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'The War' (PG-13)

By Rita Kempley
Washington Post Staff Writer
November 04, 1994

Kevin Costner dips into Mama Gump's chocolate box in "The War," a Mississippi-set drama sticky with heartfelt homilies and thin on grit. Costner, as a Vietnam veteran emotionally and physically scarred by the war, comes home to find an indifferent nation, his house destroyed by termites and his wife (Mare Winningham) redeeming Coca-Cola bottles. But he'll be dang diddly dang diddly dang ding dong if he lets it get him down.

He may live on the wrong side of the tracks, he may not even be able to keep a job as a janitor, but goll darnit, he's got a saying to silver ever' cloud. And if he's got nothing else to hand on to his son, Stu (Elijah Wood), he's got insights acquired in the foxhole and later the mental hospital, where he failed to recover from post-traumatic stress syndrome.

In recalling the horrors of war one night on the porch swing, he confides his beliefs to the boy: "I think the only thing that truly keeps people safe and happy is love. And in the absence of love, there's nothing in this world worth fightin' fer." Stu and his twin sister, Lidia (Lexi Randall), however, are involved in an ongoing ruckus with the Lipnickis, a brood of inbred bullies who live in a nearby junkyard.

Lidia, Stu and their cronies have pilfered some of the best junk and built an elaborate fort in the cradling arms of an 800-year-old live oak tree. The battle between the two groups escalates to such a preposterous degree that it is meant to serve as a metaphor for the Vietnam War, to which their father flashes back in his dreams. Lidia, the story's narrator, underlines the lesson: "My daddy said, 'Instead of fighting, we were meant for better things, you and I. No matter how much people understand war, war don't understand people.'"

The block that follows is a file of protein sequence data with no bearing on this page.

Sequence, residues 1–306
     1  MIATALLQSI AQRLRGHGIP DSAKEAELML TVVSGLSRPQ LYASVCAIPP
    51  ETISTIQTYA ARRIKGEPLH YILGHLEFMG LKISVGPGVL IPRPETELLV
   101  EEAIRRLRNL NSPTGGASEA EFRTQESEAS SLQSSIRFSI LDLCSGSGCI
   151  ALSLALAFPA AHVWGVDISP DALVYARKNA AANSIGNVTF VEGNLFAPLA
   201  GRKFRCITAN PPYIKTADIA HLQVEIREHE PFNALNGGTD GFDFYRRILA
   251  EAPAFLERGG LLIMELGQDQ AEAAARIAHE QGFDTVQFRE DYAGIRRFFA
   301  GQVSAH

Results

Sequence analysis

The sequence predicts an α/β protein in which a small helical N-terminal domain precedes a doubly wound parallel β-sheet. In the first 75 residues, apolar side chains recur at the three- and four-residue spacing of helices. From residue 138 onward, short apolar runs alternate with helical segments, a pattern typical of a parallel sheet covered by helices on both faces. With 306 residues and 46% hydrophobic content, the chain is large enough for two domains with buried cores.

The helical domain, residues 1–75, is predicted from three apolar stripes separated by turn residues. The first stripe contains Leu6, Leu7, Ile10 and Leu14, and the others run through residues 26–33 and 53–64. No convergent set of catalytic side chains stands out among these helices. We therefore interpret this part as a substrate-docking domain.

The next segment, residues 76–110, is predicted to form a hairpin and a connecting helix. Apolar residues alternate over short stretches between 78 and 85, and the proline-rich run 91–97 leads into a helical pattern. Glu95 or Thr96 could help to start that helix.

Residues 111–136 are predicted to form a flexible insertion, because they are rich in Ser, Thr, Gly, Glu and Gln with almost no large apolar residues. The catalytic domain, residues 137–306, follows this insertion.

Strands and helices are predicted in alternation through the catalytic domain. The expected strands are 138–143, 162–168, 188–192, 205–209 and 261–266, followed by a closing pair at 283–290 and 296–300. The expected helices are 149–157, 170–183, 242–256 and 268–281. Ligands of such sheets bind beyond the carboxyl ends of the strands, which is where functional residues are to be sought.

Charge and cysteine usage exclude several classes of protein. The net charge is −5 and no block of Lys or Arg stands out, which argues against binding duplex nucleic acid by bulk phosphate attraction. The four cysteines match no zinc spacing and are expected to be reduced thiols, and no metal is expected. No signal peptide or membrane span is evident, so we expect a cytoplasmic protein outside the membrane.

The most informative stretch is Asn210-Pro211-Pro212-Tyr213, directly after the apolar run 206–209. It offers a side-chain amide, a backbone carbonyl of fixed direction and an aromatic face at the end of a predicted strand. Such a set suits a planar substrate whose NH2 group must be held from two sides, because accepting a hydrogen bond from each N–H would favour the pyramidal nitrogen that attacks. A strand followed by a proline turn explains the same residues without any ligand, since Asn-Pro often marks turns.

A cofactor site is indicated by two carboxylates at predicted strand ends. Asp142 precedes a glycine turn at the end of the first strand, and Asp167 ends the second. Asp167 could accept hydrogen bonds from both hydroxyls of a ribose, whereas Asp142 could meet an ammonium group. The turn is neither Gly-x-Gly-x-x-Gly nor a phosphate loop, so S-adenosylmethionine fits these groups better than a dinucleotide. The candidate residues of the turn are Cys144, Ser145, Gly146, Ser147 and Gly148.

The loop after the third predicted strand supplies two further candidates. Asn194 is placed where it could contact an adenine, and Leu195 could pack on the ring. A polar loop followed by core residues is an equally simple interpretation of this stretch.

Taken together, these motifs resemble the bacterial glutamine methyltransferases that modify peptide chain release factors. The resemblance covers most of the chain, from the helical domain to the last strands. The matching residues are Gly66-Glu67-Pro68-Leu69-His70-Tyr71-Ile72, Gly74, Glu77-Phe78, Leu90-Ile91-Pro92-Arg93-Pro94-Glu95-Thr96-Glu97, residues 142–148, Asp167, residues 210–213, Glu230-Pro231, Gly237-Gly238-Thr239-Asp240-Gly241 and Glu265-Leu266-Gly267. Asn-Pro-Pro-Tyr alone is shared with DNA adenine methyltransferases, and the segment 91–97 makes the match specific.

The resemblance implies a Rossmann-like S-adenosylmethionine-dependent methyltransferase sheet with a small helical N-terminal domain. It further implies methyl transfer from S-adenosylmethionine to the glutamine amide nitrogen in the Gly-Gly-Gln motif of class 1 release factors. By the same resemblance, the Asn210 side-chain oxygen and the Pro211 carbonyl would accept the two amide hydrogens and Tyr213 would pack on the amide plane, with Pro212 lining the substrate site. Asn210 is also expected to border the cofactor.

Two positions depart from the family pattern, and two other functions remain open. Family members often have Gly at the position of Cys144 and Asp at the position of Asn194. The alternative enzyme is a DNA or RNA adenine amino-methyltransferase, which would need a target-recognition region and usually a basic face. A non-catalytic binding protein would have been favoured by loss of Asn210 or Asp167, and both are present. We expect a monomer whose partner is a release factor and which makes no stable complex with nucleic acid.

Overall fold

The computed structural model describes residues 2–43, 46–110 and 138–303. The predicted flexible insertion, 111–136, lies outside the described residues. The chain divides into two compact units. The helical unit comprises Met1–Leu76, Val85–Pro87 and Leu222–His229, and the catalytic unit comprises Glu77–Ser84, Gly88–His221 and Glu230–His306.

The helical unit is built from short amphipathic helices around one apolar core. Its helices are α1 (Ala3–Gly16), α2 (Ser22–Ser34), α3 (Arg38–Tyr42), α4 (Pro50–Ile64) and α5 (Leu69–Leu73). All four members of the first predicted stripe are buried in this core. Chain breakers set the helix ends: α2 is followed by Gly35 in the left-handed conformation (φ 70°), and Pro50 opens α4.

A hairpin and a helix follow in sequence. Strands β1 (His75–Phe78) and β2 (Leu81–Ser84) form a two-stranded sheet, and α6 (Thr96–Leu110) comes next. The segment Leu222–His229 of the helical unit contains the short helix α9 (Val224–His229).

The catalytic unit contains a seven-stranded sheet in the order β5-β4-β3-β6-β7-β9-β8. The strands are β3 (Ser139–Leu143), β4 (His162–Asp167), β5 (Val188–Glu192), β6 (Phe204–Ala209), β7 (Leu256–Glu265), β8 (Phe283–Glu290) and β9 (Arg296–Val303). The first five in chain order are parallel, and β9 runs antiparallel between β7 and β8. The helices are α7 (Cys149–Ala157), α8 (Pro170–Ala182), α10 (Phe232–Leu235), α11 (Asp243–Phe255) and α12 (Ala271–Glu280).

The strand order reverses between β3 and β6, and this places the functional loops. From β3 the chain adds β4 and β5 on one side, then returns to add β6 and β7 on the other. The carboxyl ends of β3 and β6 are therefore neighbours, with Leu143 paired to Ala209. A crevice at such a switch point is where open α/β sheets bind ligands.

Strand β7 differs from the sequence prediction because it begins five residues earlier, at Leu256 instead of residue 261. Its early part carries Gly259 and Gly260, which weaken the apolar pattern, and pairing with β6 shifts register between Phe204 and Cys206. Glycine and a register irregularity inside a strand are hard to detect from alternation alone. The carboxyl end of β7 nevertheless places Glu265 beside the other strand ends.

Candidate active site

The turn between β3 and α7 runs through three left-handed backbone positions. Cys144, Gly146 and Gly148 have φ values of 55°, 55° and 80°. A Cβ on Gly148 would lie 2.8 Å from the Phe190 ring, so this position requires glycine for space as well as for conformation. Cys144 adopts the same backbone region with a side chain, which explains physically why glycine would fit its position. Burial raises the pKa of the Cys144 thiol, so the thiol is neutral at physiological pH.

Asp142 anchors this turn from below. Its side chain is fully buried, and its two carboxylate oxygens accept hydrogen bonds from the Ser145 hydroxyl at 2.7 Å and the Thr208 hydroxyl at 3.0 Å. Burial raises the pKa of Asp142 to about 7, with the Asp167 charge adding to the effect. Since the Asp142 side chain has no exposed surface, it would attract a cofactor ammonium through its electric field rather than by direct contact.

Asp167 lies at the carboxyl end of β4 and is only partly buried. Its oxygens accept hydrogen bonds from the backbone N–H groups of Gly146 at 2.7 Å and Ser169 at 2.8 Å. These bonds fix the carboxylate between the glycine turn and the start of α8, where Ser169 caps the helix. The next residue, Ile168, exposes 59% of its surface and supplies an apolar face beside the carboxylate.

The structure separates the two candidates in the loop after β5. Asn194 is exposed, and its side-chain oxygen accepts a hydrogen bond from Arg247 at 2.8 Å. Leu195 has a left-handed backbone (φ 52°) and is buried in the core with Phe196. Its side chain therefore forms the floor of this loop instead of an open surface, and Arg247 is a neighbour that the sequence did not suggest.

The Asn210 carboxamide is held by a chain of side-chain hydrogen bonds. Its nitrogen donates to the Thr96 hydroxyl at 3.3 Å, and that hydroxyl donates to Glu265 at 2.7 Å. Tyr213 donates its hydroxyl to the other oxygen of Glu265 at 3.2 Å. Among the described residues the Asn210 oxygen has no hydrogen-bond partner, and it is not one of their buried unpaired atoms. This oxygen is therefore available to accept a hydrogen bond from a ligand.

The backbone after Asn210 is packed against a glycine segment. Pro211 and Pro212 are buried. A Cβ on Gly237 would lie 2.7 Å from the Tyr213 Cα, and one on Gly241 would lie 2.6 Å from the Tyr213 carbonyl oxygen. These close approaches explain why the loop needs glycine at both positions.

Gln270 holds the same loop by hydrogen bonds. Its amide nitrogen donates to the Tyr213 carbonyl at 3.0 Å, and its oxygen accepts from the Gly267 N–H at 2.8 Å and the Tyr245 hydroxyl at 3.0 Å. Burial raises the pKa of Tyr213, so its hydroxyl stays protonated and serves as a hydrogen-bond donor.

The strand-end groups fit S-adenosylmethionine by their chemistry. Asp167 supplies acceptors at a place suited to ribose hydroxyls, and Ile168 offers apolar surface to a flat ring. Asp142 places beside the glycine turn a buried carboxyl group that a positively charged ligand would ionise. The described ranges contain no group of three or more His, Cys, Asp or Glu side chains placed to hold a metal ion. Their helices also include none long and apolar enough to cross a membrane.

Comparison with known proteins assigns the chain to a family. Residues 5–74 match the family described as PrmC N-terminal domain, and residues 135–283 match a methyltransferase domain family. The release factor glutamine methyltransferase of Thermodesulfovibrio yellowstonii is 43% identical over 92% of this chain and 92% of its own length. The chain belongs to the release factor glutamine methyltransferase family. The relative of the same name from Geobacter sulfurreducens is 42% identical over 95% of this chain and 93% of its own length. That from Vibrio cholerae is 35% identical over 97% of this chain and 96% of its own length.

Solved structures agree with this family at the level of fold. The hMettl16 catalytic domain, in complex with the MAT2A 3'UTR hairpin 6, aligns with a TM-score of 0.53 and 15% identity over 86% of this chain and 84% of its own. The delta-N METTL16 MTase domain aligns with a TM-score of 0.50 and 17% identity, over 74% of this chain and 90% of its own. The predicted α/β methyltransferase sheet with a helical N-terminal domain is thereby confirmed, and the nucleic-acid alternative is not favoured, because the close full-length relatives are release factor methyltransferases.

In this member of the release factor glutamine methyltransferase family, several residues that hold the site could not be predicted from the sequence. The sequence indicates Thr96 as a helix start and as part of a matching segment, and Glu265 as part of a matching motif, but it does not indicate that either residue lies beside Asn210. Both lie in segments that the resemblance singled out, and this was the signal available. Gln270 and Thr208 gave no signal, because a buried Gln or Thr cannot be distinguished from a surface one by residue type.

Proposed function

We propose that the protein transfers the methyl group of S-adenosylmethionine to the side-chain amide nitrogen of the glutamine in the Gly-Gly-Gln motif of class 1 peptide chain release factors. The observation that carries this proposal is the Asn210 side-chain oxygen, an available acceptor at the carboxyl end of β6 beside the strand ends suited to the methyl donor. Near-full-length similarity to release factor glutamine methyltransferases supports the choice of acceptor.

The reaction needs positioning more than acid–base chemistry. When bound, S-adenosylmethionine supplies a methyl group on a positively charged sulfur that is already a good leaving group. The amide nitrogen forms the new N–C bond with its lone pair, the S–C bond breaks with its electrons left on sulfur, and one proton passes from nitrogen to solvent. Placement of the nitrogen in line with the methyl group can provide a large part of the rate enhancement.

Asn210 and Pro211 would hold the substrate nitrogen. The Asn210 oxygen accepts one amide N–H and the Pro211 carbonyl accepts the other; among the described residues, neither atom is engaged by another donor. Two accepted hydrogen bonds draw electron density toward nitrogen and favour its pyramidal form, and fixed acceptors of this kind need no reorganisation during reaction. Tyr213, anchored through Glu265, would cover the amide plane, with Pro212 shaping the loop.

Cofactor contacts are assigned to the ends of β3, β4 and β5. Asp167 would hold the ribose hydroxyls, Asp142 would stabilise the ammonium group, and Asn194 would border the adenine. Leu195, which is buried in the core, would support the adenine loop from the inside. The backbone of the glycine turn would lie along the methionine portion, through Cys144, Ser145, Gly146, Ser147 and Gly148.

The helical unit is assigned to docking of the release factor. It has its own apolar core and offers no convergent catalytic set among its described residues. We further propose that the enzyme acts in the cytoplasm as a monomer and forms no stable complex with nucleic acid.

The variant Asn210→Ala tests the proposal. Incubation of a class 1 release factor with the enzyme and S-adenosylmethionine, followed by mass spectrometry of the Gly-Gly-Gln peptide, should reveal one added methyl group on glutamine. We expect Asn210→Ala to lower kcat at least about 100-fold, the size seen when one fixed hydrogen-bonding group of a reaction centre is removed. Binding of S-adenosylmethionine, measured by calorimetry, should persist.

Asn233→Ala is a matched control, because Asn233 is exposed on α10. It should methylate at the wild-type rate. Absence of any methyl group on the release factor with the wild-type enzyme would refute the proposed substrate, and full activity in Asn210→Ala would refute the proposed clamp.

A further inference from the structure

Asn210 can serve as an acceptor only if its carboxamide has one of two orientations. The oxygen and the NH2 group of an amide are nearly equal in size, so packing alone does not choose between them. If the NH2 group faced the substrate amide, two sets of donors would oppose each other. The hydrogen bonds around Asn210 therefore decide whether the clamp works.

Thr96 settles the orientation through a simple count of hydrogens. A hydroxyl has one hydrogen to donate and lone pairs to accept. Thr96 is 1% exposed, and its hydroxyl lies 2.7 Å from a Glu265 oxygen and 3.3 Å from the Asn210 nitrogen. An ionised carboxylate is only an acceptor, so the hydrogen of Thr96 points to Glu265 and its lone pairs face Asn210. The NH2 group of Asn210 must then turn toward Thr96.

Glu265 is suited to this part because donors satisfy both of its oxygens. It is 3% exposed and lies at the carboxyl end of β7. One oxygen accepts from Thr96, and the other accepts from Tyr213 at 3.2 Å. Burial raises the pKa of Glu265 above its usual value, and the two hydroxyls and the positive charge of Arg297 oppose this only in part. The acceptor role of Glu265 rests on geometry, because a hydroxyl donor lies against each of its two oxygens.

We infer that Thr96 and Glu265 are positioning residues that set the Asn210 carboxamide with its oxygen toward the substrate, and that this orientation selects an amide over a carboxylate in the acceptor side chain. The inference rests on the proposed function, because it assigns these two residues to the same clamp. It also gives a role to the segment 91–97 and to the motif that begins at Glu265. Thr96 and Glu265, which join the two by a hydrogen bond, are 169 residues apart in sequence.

In addition to war, Kathy McWorter's first screenplay delves with equal zealousness and insipidity into the subjects of racism, poverty, guardian angels, patriotism, heroism, grief, denial . . . whatever. "The War" has enough plot for six movies and more good intentions than Dixie's got cups. There's just no tying them all up, as director Jon Avnet finds.

"The War" is not altogether without its Southern comfort, especially when it comes to the genuine-seeming scenes between Costner and Wood, who is growing from child star to actor with impressive ease. And Yankee though he may be, Avnet has a native's feel for the mossy pace of Southern living. But the poor thing just can't seem to see the forest for the Gump.

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